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Gyms that were open during COVID will remember the scramble to get everything online for virtual training. Many of us look back on that time and shutter at the thought of having to watch another group class over Zoom. However, some gym have kept virtual training. Some offer virtual programming where the gym sends the client a program and the client goes to his/her own gym to complete the program. Others offer virtual private training where a trainer from the gym watches and instructs the client while watching over video. Regardless of the type of training the gym is offering, there are three items we look for to make sure gyms are protecting themselves from liability.

1. Designated Premises Exception

We thank our friends over at Affiliate Guard for help with the first item: The Designated Premises Exception. This is a small part of you liability insurance policy that designates where your insurance covers you and where it doesn’t. If your policy does not have a designated premises exception, then your insurance coverage limits you to running services within the four (4) walls of your brick and mortar location. In this instance, your insurance does not consider virtual training to be a service you offer in your physical location. Thus, if an online client starts a legal action over something you delivered online, you may not be covered by your insurance.

Make sure your insurance has you covered, ask your provider to include a Designated Premises Exception. Affiliate Guard knows our industry and the specific demands our industry presents.

2. A Waiver and Membership Contract

We’ve drafted blog posts in the past about the importance of liability waivers and membership contracts for gyms. The content of these posts primarily speaks to the gyms running physical locations. However, the same applies online. You still need clients to sign a waiver when you are training virtually. Anytime you tell someone to do something (like a workout), you are exposing yourself to liability. The client receiving the programming could sue you for any reason. Therefore, you need a liability waiver. Further, you need a liability waiver that is different than the one you use at your gym. This waiver needs to be written more for virtual training services and include provisions like a Digital Video Acknowledgment.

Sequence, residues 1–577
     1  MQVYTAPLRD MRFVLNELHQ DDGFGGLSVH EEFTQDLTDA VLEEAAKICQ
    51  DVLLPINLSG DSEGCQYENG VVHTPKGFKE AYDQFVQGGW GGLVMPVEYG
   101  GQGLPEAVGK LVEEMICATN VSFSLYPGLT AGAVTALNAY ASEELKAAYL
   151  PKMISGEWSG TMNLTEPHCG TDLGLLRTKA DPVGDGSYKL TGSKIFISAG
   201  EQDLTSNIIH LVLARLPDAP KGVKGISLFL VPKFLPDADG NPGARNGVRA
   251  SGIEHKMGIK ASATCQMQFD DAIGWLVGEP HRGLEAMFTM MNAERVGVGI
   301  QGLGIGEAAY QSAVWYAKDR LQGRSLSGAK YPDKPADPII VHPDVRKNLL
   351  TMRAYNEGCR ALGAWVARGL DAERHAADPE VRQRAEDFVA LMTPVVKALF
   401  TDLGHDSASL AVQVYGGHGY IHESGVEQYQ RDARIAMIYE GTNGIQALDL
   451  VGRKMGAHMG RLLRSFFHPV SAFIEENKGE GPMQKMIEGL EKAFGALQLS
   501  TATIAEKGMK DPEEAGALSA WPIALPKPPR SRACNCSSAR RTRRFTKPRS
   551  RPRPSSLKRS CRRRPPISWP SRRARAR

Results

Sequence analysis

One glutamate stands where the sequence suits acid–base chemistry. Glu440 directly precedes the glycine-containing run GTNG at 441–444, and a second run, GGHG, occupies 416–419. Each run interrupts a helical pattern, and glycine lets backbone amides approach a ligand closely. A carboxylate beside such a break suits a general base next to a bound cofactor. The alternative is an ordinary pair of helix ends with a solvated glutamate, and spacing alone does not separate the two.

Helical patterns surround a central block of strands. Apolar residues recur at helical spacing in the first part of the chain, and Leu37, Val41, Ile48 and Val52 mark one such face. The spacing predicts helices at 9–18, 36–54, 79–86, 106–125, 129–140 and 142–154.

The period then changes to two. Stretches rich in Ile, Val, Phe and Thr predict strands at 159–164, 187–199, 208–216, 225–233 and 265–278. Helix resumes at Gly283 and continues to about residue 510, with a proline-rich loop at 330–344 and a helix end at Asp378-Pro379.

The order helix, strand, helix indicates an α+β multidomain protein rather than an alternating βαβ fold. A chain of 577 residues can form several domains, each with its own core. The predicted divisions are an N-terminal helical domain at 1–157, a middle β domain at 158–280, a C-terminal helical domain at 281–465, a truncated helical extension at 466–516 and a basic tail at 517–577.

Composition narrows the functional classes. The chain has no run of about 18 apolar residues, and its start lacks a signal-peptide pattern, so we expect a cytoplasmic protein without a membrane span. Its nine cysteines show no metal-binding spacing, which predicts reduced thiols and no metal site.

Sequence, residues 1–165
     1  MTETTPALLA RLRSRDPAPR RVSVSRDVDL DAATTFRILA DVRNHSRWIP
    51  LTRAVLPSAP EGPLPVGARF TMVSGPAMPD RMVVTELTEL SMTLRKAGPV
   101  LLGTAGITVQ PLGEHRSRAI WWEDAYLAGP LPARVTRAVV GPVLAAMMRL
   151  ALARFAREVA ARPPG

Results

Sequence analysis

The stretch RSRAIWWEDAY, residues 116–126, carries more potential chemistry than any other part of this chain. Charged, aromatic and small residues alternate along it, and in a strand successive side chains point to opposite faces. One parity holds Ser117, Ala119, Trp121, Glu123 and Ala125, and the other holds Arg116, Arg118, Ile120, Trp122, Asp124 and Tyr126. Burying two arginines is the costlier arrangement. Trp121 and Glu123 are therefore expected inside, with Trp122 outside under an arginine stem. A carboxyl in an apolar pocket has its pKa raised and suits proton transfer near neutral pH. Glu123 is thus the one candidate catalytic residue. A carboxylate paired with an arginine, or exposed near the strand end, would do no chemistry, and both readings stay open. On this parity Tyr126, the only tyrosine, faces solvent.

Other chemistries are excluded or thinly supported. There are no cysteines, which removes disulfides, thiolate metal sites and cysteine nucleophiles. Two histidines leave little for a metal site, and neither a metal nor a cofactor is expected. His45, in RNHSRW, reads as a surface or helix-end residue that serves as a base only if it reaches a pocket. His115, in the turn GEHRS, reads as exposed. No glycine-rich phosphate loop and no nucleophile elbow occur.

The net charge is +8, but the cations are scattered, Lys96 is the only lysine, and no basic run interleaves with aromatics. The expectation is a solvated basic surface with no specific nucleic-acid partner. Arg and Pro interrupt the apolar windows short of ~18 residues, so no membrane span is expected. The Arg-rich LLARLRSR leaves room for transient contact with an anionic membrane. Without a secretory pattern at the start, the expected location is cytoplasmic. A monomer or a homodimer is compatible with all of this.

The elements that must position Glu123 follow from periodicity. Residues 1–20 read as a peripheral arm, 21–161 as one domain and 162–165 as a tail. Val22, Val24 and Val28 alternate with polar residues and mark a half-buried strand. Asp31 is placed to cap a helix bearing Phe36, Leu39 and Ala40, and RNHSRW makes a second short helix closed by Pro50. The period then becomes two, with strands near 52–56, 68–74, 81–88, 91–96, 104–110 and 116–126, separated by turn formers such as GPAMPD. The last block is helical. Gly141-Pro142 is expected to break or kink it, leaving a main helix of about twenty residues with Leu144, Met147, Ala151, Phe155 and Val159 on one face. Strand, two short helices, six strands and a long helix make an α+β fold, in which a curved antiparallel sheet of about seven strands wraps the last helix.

You also need a membership contract. Anytime you take money from a client, and take that money on an automatically recurring basis, you need a written contract. You also have other policies, like cancellation and hold/freeze policies. Put these in writing so your clients know what to expect. Setting the expectations in writing can head off a lot of future issues.

3. Governing Law and Venue Provisions

Finally, you need to have a governing law and venue section in your liability waiver and membership contract. If you want a real world example of this, go pull out any other contract you’ve signed in the last year. This could be your cell phone contract, CrossFit Affiliation Agreement, or your home internet agreement. Flip to the end of the contract and you will find a section that designates where lawsuits can be filed against the company. In laymen’s terms, it will say something like, if you want to sue CrossFit, you have to go to Colorado to do so and Colorado law will apply. This is a governing law and venue provision.

You need to do the same thing in your virtual training contract. Your virtual training could expand to clients all of the United States, maybe even internationally. You don’t want to be sued in California when you live in Florida. Therefore, you want to make sure your contracts require your clients to come to you if they want to make legal troubles.

This Applies Universally

We write these articles as if we are talking to gym owners because those are our primary clients. However, if you are a personal trainer, please know all of this applies to you as well. It doesn’t matter the size of your business. The law applies universally. You need insurance, you need contracts, and the contents of those contracts matter.

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